2006-2007 University of Guelph Undergraduate Calendar

XII. Course Descriptions

Environmental Design and Rural Development

School of Environmental Design and Rural Planning

EDRD*1150 Landscape Design W (2-3) [0.50]
This course is an introduction to the design of the built landscape environment, with an emphasis on graphic communication skills, creativity, and the design process. Basic drawing and drafting techniques along with the principles and styles of design, landscape materials and structures, and the incorporation of plant materials will be covered.
Restriction(s): Registered in B.B.R.M.
Location(s): Ridgetown
EDRD*2050 Landscape Construction and Planning F (1-4) [0.50]
Students will be engaged in the creation of landscape structures, including plan reading and estimating. Practical skills and experience will be obtained through real-life and simulated projects, using actual materials and design scenarios taken from industry examples. Technical and professional guidance will enable students to undertake typical landscape structure layout, estimates, and installation, based on design plans and specifications. (First offering is Fall 2007)
Prerequisite(s): EDRD*1150
Restriction(s): Registered in B.B.R.M.
Location(s): Ridgetown
EDRD*3400 Sustainable Rural Communities W (2-1) [0.50]
The structure, function and trends affecting agri-food community settings including historical, ecological and social factors, institutions, agencies and change processes are discussed. The agricultural role of the Provincial Government and the contemporary impact of the agro-industrial complex on Ontario communities will be considered mainly from a comparative perspective. Related topics will include physical infrastructure, political conflicts, labour markets, settlement patterns, housing, gender relations, landscape management, quality of life, sustainability and the promotion of community leadership.
Prerequisite(s): AGR*1250 or 10.00 credits
Restriction(s): AGR*3400
EDRD*3450 Watershed Planning Practice S,F,W (3-0) [0.50]
An introduction to the principles and practice of watershed-based planning, with an emphasis on Ontario, but with reference to other parts of Canada, the U.S. and international contexts. History of water resource use and abuse, basic concepts of hydrology, water resource management, ecosystem approaches, and planning theory are also included. (Offered through distance education format only.)
Prerequisite(s): 10.00 credits or instructor consent
Equate(s): UNIV*3400
EDRD*3500 Recreation and Tourism Planning W (0-0) [0.50]
Application of planning theory to recreation and tourism in the private and public sectors, approaches to implementing plans, and strategies for involving stakeholders in the planning process. Focus will also be on the impact of various approaches to planning recreation and tourism. (Offered through Distance Education only.)
Prerequisite(s): 10.00 credits or permission of the instructor
Equate(s): UNIV*3500
EDRD*3550 Economic Development for Rural and Smaller Communities S,W (0-0) [0.50]
This course addresses the variety of challenges facing rural and smaller communities in Canada relating to livelihood creation and maintenance, employment, investment, business development, tax base maintenance and enhancement and the associated strategies for development planning and management. The roles of various agents (public, private, community, Third Sector) are addressed through the literature and case studies. The course critically examines "local" and "community" economic development, and reviews the rich Canadian experience here. The structure and dynamics of rural economies are examined. The course addresses selected methods of analysis and outlines the process of planning for, and managing, economic development at the local level. Various development organizations (e.g. cooperatives, Community Development Corporations) are examined. (Offered through Distance Education only.)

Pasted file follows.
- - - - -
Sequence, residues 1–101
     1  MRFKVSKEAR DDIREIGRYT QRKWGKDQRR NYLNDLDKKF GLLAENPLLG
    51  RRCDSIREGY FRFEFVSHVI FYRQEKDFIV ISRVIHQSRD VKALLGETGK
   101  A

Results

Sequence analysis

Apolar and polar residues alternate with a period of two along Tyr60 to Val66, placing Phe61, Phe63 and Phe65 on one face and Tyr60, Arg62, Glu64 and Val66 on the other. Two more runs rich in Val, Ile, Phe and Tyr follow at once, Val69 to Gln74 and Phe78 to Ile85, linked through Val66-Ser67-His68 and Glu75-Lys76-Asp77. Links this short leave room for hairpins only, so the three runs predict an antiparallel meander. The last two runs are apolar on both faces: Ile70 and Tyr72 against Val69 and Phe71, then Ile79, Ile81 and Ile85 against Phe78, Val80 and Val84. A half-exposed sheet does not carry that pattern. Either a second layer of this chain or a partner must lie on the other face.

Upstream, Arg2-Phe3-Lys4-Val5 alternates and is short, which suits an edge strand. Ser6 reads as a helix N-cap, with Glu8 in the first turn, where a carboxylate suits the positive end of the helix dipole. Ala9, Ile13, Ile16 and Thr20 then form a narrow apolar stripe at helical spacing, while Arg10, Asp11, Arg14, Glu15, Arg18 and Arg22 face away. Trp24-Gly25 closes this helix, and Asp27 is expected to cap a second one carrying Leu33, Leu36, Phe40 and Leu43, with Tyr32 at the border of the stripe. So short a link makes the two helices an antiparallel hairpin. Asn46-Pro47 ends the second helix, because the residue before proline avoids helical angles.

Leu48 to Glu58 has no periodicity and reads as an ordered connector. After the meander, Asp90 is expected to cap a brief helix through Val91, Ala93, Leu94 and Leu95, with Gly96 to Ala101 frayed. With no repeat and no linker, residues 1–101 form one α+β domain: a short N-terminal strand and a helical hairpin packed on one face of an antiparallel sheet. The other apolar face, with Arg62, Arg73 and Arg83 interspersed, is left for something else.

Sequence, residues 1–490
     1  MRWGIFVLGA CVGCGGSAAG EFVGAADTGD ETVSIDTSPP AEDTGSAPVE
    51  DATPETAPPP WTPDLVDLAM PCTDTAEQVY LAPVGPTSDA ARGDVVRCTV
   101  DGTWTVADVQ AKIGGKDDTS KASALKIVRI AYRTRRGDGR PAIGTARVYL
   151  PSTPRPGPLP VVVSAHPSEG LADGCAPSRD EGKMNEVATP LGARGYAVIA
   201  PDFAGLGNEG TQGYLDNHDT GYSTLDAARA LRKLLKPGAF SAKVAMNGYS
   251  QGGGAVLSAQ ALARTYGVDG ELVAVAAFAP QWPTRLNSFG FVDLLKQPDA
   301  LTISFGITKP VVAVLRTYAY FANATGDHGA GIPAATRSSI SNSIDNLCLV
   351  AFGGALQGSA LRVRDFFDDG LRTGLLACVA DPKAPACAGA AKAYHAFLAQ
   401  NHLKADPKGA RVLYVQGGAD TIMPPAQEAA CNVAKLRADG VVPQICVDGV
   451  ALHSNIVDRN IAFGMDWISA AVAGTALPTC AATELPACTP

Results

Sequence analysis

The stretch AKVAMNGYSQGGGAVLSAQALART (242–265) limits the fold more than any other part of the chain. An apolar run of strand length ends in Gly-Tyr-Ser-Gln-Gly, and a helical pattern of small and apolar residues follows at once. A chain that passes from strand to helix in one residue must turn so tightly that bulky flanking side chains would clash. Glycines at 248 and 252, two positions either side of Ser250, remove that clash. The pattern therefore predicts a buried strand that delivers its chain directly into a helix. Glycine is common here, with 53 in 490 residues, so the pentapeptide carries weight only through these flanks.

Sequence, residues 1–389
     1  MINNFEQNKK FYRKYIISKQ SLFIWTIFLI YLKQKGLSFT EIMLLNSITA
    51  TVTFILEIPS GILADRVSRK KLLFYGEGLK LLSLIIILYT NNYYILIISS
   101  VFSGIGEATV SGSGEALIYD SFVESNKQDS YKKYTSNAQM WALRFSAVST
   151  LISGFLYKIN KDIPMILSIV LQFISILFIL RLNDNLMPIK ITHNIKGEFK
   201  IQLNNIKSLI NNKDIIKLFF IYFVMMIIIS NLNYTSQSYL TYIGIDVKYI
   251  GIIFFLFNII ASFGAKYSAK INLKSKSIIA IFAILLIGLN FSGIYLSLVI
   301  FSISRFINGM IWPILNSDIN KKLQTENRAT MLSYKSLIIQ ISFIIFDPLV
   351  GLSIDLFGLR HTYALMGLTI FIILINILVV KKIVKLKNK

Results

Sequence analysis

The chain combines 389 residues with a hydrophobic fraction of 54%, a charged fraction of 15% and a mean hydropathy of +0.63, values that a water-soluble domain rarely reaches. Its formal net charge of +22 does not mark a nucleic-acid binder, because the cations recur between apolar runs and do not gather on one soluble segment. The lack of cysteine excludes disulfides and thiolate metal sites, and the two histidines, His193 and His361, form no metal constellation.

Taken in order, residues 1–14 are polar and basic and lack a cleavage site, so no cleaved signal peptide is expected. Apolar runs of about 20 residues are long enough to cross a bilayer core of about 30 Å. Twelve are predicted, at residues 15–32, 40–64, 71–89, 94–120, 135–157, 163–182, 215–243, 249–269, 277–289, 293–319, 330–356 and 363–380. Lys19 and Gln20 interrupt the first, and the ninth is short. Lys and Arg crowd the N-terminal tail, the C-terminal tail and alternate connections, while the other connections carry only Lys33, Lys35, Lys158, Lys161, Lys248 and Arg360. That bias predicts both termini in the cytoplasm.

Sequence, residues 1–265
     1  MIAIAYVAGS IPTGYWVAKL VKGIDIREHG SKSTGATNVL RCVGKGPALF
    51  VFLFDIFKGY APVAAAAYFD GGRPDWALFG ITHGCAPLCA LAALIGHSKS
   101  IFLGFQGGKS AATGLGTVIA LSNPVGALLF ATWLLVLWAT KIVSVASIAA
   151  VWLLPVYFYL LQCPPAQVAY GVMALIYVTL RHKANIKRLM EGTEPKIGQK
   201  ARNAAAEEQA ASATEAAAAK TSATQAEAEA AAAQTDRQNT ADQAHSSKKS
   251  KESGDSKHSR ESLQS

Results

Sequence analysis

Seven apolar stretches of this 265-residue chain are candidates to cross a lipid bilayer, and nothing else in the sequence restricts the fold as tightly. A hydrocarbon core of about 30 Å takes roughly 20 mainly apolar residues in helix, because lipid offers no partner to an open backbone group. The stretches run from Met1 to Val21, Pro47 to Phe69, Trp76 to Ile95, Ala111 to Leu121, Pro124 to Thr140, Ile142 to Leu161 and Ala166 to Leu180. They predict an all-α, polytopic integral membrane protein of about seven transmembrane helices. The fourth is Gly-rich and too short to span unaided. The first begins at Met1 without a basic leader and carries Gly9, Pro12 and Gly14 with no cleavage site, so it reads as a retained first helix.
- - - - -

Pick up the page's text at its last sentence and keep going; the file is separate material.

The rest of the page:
Equate(s): UNIV*3550
EDRD*4010 Tourism Planning in the Less Developed World F,W (0-0) [0.50]
This course will provide a discussion and investigation of tourism from an interdisciplinary point of view. The subject of tourism development cuts across many disciplines and is fundamental to a variety of scholars and practitioners working in tourism and development generally. While a variety of important theories and planning practices from a variety of disciplines have been selected for study, planning and community development theory will provide the overarching perspective. The features of planning theories and models stress analysis and intervention into human and environmental systems. This perspective begins with the view that tourism is a complicated human construct and as such needs to be structured and guided in order to maximize the benefits to all stakeholders in the system. (Offered through Distance Education only.)
Prerequisite(s): 5 credits
EDRD*4500 Planning Industrial Ecology S,F (0-0) [0.50]
To create ecologically informed and professionally skilled scientists, engineers, planners, and managers by providing them with: systems-analytic frameworks to critically examine processes, products, infrastructure, management systems and public policies from the perspective of environmental sustainability; and the skill set to guide the design of appropriate responses. Course requires a science background, minimum OAC Chemistry or Physics. (Offered through Distance Education only.)
Prerequisite(s): 10.00 credits or equivalent
Equate(s): UNIV*4500